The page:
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Schools face ban on charging admission fees or interviewing parents on enrolment

Minister Ruairí Quinn hopes the legislation will lead to a fairer system and cut down on court cases over school admissions.

Updated 17.46

THE MINISTER FOR Education has proposed a set of laws that would see schools banned from accepting admission fees or interviewing parents ahead of the enrolment of new pupils.

Publishing the draft legislation this morning, Ruairí Quinn said the General Scheme for an Education (Admissions to Schools) Bill would bring “a parent-friendly, equitable and consistent framework to regulate school admissions policy” for Ireland’s 4,000 primary and post-primary schools.

“If enacted, this framework will improve access to schools for all pupils and will ensure there is consistency, fairness and transparency in the admissions policies of all schools.”

According to the Department of Education, the draft bill hopes to “remove the burden from parents of appealing school decisions to refuse a place to their child”.

In a statement today, it explained:

The draft regulations seek to bring a level playing pitch for families newly settled or returning to live in an area and to ensure a parent’s income or ability to pay admission fees cannot be a factor that will determine school admission. The regulations will also bring an end to the ‘soft barriers’ that can affect children with special educational needs.

The current system – which has been described as complex – often leads to disputes and court cases.

School rules

Under the proposals, schools would not be allowed to accept applications for admission before 1 October of the year preceding the year of enrolment. However, boarding schools will be given some leeway in this area.

The Minister has also asked for the power to ensure that no admission fees may be sought or charged as a condition of application for admission to a school.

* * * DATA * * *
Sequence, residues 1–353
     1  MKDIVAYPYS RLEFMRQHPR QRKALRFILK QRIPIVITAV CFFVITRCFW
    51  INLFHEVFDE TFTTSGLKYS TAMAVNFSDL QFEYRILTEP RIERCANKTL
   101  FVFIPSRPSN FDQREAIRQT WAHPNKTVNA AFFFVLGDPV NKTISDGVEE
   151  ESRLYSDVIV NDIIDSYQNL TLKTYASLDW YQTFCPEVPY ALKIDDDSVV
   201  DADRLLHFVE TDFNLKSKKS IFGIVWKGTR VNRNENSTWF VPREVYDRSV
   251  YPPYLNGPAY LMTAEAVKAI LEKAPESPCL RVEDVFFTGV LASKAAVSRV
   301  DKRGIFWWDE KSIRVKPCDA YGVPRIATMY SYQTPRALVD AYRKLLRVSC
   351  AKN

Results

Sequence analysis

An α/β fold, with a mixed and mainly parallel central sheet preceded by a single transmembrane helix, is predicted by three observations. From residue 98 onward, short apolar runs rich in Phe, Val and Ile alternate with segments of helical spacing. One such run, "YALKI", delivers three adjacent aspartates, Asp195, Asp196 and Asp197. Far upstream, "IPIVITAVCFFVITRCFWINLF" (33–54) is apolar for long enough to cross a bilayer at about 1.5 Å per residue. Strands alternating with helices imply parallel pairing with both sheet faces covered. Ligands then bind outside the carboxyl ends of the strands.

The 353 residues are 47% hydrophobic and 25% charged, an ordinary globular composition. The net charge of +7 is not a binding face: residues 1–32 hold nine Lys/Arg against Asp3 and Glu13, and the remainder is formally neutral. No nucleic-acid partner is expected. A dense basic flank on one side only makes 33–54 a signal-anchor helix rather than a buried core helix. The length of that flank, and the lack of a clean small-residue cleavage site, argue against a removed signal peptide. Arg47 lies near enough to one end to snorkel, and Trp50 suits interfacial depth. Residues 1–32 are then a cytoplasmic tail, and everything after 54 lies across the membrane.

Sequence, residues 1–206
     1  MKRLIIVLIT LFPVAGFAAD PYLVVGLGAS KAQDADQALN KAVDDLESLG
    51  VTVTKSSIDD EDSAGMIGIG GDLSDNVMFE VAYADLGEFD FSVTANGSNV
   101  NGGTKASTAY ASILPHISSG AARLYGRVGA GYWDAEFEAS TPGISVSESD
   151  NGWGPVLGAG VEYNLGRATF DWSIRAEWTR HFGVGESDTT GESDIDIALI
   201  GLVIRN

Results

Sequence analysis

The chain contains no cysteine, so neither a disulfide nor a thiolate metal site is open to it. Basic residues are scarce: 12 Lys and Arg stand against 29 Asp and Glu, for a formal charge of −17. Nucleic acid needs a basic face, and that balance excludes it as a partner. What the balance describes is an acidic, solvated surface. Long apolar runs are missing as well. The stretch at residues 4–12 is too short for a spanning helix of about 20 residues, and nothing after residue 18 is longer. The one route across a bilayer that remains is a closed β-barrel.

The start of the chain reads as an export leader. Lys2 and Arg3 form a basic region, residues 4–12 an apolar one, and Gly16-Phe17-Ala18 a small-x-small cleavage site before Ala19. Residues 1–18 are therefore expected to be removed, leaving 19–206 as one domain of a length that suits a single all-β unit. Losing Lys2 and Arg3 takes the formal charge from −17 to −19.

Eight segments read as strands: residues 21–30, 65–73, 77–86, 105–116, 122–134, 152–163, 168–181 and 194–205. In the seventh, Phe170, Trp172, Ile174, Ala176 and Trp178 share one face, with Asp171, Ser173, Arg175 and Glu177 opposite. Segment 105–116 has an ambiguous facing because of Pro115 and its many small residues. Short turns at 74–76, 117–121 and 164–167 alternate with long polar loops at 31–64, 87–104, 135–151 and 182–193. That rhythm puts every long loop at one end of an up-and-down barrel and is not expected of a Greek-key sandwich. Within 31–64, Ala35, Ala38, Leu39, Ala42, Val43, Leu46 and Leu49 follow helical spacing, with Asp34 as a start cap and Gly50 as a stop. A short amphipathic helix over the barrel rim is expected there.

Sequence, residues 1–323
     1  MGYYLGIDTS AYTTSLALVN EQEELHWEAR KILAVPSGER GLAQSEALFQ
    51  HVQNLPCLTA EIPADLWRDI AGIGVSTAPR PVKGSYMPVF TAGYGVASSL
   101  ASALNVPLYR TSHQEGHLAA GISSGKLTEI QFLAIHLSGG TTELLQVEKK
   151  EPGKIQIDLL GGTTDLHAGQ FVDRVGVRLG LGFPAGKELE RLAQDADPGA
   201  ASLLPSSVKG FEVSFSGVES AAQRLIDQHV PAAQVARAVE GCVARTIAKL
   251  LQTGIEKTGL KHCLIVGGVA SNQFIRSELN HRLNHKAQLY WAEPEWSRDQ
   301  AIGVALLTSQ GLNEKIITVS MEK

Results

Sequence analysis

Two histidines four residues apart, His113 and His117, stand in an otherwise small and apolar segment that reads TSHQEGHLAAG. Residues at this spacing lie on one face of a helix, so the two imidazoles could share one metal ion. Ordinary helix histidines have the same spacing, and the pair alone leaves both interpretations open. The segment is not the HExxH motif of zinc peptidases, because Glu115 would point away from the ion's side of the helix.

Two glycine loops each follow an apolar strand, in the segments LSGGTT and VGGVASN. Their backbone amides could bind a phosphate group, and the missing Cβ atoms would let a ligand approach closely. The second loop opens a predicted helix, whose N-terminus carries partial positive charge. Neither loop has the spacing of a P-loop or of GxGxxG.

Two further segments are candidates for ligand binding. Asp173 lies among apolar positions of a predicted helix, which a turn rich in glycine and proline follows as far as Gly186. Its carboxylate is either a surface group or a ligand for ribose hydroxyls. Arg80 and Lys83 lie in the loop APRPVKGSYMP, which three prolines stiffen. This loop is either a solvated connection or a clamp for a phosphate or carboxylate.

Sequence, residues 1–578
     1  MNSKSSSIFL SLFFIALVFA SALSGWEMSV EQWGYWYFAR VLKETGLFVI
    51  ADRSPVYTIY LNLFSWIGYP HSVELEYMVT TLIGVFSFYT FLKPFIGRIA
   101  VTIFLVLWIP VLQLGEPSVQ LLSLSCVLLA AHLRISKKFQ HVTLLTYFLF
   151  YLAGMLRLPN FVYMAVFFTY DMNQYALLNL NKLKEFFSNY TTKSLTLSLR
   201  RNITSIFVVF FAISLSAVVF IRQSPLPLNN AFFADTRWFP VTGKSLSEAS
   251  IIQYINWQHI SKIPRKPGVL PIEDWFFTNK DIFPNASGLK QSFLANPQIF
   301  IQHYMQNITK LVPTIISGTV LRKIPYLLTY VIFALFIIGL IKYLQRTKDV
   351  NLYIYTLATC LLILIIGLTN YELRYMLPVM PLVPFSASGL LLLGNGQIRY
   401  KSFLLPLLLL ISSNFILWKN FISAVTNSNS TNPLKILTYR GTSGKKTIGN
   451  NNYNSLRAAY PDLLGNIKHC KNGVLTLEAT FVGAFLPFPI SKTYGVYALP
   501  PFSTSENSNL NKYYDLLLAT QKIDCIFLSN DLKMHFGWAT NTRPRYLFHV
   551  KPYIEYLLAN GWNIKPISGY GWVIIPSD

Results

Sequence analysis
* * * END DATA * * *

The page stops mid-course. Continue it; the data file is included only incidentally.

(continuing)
The rules would also place a ban on schools from interviewing parents and children ahead of enrolment.

Schools that currently have waiting lists in place may apply for a derogation which would given them a few years to clear those lists. Institutions will also be allowed to prioritise places for applicants who is a sibling of an existing or former student.

“I believe there is a better way of dealing with school admissions. These measures are about what might be described as ‘good housekeeping’ and will bring about greater transparency, fairness and consistency in the way schools operate their admission processes,” Quinn said.

“While I don’t want to overly intrude in day-to-day school management the proposed new regulatory framework strikes a balance between school autonomy and fairness in our education system and would require schools to provide a better service for parents.”

The draft general scheme and regulations will be give to the Oireachtas Joint Committee on Education and Social Protection today but Quinn hopes it will proceed to the next stage quickly. The public consultation process related to the heads of bill was held during 2011.

Special educational needs

ETBI general secretary Michael Moriarty said that the rules will also stop discrimination against young people with special educational needs. “For too long young people with special educational needs have been deprived of the opportunity to attend the school of their choice and the proposed legislation should eliminate this discriminatory practice,” he said.

Clive Byrne, director of the National Association of Deputy Principals also welcomed the proposals saying that school administrators now have a clear admissions policy to follow. He added that access to the proposals should be the next step with any new procedures being made available on all school websites.

-Additional reporting by Rónán Duffy

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